Archive | December, 2012

My Wild Mushroom, Chicken and Truffle Risotto

20 Dec

Risotto a brief history

Arborio rice

Risotto comes from northern Italy; it is common in Piedmont and other northern Italian regions .This traditional Italian creamy rice dish is a versatile food that can be used as a main course or as a side dish to jazz up any meal. It can be made with so many different ingredients that the flavors are never the same twice.


The story of risotto began in the 14th century B.C., when the Arabs brought rice to Sicily and Spain during their rule. Italy was the ideal place to grow short-grain rice due to the humid weather and abundant flat land. As a result, rice became a main part of Italian food culture.

There is a lovely little story, urban legend perhaps, of a young apprentice called Valerius, who is supposed to have invented the yellow risotto recipe that Milan is so famous for.

The story goes that while he was working on the stain-glass window for the Cathedral Duomo in Milan in 1574 the towns’ people made fun of him, accrediting saffron to his work, instead of himself. He was incensed, and decided to take revenge. It came when his master got married. Valerius decided to overdose the rice with saffron which was going to be served as the main dish at the wedding feast. However, his retribution plans backfired as the guests were enthralled, and so the yellow risotto recipe of Milan became famous.

Afbeelding 003My risotto is made using a homemade stock, the freshest of wild mushrooms, organic chicken and to finish it off fresh black truffle.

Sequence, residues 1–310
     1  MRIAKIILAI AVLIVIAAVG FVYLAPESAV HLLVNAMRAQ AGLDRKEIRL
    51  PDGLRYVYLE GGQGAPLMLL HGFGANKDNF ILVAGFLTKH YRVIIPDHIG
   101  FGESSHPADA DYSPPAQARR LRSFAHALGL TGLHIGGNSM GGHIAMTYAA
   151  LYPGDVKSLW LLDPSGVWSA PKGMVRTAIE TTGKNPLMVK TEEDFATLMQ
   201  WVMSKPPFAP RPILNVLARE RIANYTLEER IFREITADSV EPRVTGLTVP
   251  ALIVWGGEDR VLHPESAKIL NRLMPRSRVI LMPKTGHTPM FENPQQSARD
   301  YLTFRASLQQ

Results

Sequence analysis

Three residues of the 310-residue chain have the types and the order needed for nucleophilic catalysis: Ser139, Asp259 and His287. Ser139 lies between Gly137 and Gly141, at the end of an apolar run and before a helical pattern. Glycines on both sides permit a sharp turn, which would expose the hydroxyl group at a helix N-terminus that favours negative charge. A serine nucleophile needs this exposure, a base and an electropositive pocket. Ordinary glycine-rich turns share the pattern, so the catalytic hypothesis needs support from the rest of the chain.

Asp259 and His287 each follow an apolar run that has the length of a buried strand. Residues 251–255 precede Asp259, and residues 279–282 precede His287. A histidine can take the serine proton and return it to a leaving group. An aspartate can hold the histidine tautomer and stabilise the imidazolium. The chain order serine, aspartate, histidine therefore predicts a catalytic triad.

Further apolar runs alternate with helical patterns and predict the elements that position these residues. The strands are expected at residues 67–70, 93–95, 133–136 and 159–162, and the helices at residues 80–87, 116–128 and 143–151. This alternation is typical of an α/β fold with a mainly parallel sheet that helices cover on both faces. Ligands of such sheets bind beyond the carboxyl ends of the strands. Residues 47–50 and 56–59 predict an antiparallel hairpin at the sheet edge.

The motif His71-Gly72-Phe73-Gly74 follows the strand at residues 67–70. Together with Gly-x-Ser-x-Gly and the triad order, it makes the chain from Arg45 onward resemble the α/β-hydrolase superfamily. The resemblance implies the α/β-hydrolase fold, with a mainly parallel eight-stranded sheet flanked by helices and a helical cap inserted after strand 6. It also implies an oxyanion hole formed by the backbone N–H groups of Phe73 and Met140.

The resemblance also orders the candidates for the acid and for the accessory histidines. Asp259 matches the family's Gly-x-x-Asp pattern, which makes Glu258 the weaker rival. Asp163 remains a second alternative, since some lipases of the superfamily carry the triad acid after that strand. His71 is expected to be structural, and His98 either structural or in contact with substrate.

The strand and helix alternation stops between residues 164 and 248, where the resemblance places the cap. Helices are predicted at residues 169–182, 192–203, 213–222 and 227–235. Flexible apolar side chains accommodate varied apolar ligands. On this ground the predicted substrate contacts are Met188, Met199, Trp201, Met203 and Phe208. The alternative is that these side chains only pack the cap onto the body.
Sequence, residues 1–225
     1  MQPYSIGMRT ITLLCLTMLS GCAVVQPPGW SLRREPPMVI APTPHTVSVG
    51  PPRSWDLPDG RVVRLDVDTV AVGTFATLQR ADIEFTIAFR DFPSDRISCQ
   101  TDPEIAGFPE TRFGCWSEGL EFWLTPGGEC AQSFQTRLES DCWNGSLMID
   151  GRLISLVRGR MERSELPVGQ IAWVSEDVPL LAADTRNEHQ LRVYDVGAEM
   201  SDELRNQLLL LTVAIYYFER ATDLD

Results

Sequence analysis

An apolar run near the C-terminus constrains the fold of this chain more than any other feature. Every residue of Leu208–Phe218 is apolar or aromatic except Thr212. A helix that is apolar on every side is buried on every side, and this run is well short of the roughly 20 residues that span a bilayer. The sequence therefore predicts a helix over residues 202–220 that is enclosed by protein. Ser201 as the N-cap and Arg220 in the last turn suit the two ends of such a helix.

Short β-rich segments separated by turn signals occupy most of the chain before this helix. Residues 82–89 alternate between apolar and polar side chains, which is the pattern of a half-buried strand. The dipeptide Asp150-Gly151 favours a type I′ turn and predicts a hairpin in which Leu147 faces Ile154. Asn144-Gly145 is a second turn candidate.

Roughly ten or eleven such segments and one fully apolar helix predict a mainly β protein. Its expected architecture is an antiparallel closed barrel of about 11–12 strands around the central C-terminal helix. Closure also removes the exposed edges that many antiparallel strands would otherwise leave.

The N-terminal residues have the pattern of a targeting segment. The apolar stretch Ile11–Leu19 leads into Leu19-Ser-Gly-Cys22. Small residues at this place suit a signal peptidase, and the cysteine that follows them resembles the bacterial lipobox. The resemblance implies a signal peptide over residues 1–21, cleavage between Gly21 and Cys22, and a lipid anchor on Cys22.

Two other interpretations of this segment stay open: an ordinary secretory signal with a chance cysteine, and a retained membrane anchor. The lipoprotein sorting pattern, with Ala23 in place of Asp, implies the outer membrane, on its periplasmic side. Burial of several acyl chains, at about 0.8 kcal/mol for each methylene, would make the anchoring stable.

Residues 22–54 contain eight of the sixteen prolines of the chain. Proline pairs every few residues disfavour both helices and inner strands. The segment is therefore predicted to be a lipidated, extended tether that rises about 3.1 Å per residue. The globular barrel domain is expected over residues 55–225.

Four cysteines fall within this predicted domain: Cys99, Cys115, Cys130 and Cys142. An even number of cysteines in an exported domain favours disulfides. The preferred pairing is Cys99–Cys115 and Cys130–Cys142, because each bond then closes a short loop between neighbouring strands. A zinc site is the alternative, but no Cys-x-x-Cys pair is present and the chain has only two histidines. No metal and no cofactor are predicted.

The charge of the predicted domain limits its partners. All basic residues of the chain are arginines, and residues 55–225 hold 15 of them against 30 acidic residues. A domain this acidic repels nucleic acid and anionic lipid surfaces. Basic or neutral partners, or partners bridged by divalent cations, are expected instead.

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For more info mail or call: 0642297107

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Recipe of the Day Mackerel Tartare with Prosciutto Crisps and Green Apple Vinaigrette.

16 Dec

This is my tribute to Keri Moss, one of the This winners of Mastercher the Professionals 2012. The recipe uses quail eggs but I forgot to buy some , anyway this dish still tastes fantastic full of subtle flavors , this is a real must to try. 

Ingredients:Afbeelding 002

For the marinated cucumber

1 tsp runny honey

20g/1oz rapeseed oil

1 tsp Dijon mustard

2g salt

½ cucumber, peeled, seeds removed, cut into batons

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For the horseradish cream

100g/3½oz fresh horseradish, finely grated

70ml/2½fl oz soured cream

salt and freshly ground black pepperAfbeelding 011

For the green apple vinaigrette

2 Granny Smith apples, freshly juiced

20ml/1fl oz lime juice

20g/1oz runny honey

10g/½oz Dijon mustard

100ml/3½fl oz pomace oil

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For the mackerel tartare

1 banana shallot, finely chopped

15ml/½fl oz pomace oil

1 Granny Smith apple, core removed, finely chopped

½ bunch dill

100g/3½oz smoked mackerel, skin removed, cut into 0.5cm/¼in dice

1 very fresh whole mackerel, gutted, filleted, pin boned and skin removed, diced

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For the prosciutto crisp

light olive oil or pomace oil

4 slices prosciutto

To serve

mixed baby salad leaves

Preparation method